Noah & Lily, 26 Weeks

Miracle Mum Sara shares Noah & Lily's story:

"Noah & Lily were born at 26+1wks gestation following a premature rupture of Lily's membrane 4days earlier. Lily had been diagnosed with Double Inlet Left Ventricle at the 20wk scan (a congenital heart condition affecting 1 in 20,000 babies, where the entire right ventricle is severely underdeveloped and therefore redundant). Pregnancy was expected to progress normally and the survival rate was high, we just had to be prepared for the multiple surgeries Lily would have to have in her first few years of life.

When my waters broke so early, the fear of going into labour and having premature twins was nothing compared to being told that Lily ("Twin A" at the time) would be too small to undergo the necessary heart operations, so she would unlikely survive longer than a day or so after birth. By that point, I had been admitted to KEMH for monitoring. I cancelled my Baby Shower, booked for the following week. I felt numb with shock. I knew that babies born at 26wks had a survival rate of over 90%; and the fear around the associated developmental risks etc. that came with extreme prematurity were temporarily clouded by the fact I was just so desperate to give birth to two healthy babies. I prayed so desperately for Twin A to be our miracle and beat the odds she was given.

I went into labour 3days later, at 6pm on a Friday night. After 14hrs of contractions, I finally had an epidural at 8am the next day. That day was a blur. I remember my husband Chris finally getting some sleep on the floor after being up with me all night, as soon as my mum arrived. I laid on the bed with my hips flexed, not moving, for 12hrs; because Lily's heart rate monitor had to be positioned so low. Dilation was steady but slow, so at 8pm I was induced.

I gave birth to Lily Eva (831g), who gave a tiny (and unexpected) cry when she was placed on my chest briefly before being intubated. Noah Patrick (951g) came in a rush 5mins later, had his quick cry and cuddle with Mummy and then was also taken off to be intubated like his sister.

I was taken into theatre immediately afterwards as I had retained placenta, which was a horrible experience. I laid in the recovery ward feeling completely and utterly destroyed, desperate to see my babies. Chris and I agreed on their names via text whilst he and my mum stayed with them in the SCN.

At around 2am, Chris, the Cardiologist and Neonatologist came to see me and explained that both the babies were stable for now, but Lily was not expected to make it through the night. We made the horrible decision to consent to "do not resuscitate" if anything should happen. We visited them afterwards and I held their tiny hands. I don't think I have to explain what that night felt like for Chris and I.

By some miracle, the following morning, Lily was still with us and stable. We had another meeting in the afternoon with the Cardiologist and Neonatalogist who explained that (following a meeting with other specialists that morning) we could continue to give Lily a medication to keep her ductus arteriosis open so that she could maintain circulation, and hopefully grow enough to receive surgery on her heart - 2kg. It would not cause any discomfort or pain. However, it had serious potential side effects such as brain bleeds, gut perforation etc. The plan was to hope that Lily would dodge those issues and make it to her goal weight.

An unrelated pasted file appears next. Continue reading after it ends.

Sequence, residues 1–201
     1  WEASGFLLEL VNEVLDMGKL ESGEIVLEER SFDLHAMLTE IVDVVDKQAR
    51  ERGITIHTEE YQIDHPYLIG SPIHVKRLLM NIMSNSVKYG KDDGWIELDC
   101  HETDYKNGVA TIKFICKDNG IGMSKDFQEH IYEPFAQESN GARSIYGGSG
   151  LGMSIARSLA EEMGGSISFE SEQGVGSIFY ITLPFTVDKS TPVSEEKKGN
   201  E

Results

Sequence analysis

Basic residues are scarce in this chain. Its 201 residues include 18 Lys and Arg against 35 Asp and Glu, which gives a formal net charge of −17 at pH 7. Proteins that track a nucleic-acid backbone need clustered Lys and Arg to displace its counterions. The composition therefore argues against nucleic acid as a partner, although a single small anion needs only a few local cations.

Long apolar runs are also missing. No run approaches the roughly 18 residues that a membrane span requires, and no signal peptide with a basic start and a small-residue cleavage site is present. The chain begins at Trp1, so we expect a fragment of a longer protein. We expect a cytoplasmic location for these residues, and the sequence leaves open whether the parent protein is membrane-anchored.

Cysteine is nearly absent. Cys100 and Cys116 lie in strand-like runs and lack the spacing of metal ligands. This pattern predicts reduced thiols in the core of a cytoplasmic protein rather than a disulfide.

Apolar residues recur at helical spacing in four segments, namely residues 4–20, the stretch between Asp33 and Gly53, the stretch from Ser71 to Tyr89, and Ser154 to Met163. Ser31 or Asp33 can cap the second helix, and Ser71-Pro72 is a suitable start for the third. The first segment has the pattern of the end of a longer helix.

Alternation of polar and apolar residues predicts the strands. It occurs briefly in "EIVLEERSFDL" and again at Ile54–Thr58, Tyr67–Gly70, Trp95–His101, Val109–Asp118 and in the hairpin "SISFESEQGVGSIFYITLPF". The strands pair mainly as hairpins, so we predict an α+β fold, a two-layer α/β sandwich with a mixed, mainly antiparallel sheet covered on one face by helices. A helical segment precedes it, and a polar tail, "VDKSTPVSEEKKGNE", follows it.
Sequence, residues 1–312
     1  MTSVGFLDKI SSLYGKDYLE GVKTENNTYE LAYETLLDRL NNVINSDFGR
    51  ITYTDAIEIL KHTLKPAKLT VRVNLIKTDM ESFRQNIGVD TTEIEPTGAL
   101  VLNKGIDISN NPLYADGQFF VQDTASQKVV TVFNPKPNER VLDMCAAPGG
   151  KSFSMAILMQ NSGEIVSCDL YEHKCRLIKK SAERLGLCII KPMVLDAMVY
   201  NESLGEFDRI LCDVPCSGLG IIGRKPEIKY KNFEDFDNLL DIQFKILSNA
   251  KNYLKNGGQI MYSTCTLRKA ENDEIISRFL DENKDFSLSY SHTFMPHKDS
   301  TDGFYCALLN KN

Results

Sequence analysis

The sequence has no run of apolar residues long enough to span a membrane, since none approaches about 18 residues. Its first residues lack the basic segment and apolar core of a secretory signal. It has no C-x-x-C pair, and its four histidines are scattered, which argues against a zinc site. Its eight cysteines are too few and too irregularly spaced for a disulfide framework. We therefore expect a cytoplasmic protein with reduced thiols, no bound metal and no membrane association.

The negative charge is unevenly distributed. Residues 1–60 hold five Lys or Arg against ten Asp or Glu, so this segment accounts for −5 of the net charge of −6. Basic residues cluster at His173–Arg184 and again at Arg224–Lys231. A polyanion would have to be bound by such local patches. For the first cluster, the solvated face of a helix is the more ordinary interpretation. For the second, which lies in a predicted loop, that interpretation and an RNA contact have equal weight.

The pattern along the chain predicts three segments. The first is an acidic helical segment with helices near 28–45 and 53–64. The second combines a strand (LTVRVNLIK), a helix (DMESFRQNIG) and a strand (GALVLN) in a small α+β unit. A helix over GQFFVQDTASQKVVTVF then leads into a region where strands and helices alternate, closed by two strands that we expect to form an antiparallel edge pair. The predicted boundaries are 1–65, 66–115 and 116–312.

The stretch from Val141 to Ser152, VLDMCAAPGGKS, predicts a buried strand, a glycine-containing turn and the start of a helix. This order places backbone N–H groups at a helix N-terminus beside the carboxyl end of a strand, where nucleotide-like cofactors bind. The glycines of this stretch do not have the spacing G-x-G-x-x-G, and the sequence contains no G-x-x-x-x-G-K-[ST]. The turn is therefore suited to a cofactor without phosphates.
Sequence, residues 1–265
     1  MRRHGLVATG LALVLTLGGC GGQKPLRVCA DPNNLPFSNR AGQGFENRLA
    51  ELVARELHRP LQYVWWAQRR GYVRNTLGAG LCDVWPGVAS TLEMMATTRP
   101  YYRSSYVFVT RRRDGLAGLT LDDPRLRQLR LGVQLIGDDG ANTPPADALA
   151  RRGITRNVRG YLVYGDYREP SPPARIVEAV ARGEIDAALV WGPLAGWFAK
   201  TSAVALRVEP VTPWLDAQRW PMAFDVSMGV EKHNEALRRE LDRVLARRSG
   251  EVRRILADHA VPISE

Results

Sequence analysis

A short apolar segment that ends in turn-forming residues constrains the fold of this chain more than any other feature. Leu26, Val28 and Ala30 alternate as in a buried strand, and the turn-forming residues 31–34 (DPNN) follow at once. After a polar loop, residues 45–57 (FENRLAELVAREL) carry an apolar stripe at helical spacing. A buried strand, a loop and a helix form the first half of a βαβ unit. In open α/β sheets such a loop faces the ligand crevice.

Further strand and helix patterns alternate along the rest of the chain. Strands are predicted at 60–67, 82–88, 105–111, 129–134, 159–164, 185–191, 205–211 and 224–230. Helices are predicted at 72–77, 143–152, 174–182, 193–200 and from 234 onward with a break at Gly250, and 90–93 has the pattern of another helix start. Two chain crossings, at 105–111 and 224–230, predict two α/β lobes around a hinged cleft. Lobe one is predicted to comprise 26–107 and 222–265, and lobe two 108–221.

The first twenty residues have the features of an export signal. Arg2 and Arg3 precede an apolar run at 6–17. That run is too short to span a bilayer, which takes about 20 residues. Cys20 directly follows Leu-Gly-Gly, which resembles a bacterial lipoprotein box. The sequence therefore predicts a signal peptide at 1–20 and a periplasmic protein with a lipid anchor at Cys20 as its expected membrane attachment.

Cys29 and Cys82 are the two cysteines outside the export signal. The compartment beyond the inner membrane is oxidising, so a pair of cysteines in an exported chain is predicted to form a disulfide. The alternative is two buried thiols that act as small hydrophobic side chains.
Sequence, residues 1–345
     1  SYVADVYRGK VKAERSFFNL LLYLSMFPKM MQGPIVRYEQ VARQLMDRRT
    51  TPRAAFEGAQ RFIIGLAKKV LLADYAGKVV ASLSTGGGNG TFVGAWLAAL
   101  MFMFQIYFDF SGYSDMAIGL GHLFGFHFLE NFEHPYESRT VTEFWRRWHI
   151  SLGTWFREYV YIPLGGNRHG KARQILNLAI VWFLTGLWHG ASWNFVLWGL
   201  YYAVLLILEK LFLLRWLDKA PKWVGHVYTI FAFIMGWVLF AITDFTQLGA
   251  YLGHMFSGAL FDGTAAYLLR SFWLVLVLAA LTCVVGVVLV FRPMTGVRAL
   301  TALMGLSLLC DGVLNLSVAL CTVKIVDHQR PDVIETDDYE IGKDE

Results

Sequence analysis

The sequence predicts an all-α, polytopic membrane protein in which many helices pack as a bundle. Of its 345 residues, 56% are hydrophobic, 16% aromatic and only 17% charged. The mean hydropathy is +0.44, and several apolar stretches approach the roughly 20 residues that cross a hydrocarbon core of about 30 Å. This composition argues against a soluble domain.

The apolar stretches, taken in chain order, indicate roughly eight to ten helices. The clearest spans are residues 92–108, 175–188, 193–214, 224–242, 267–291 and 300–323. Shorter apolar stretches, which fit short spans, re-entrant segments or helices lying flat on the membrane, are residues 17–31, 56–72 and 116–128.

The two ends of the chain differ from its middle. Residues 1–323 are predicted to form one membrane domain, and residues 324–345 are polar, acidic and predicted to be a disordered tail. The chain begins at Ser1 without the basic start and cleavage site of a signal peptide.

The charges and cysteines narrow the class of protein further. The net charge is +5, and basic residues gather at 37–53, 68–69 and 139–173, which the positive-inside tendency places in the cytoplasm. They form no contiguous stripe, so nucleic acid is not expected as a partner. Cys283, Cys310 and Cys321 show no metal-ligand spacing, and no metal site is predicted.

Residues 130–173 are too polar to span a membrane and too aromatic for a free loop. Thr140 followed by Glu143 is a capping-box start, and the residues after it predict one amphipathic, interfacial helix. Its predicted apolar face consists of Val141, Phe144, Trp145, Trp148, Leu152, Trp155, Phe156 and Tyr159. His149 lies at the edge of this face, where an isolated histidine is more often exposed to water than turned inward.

Even when they were both so tiny and young, it's amazing how personality shone through. Lily - feisty, wriggly, a fighter who got off the ventilator 3days before her brother. Noah - chilled out, a little lazy, loves a hand hold. Noah needed a blood transfusion and had some mild heart issues; thankfully these are now resolved.
At 11 days old, after being relatively stable and even gaining weight, our worst nightmare came to light when Lily was diagnosed with NEC (necrotising enterocolitis - ruptured gut). Surgery is usually performed but only had a 50% success rate. Unfortunately, they were not able to operate because of her heart condition. They did attempt to drain the fluid and load up the antibiotics; but on 20th Jan (at 12days old) our beautiful brave girl passed away in our arms.

From that point on, our Noah did not have a single setback. He was on CPAP for 8wks, High Flow O2 for 5days then finally breathing independently at 36wks gestation. We got to bring our Noah home after 12wks (38wks gestation). He's now 5mths corrected, meeting all his milestones and in the 30th percentile for weight. We really do believe Lily passed on her strength to her brother when she left this world, and we have a special "Lily shelf" in Noah's room so she can always look over him. We are so proud of both of our babies 💜"



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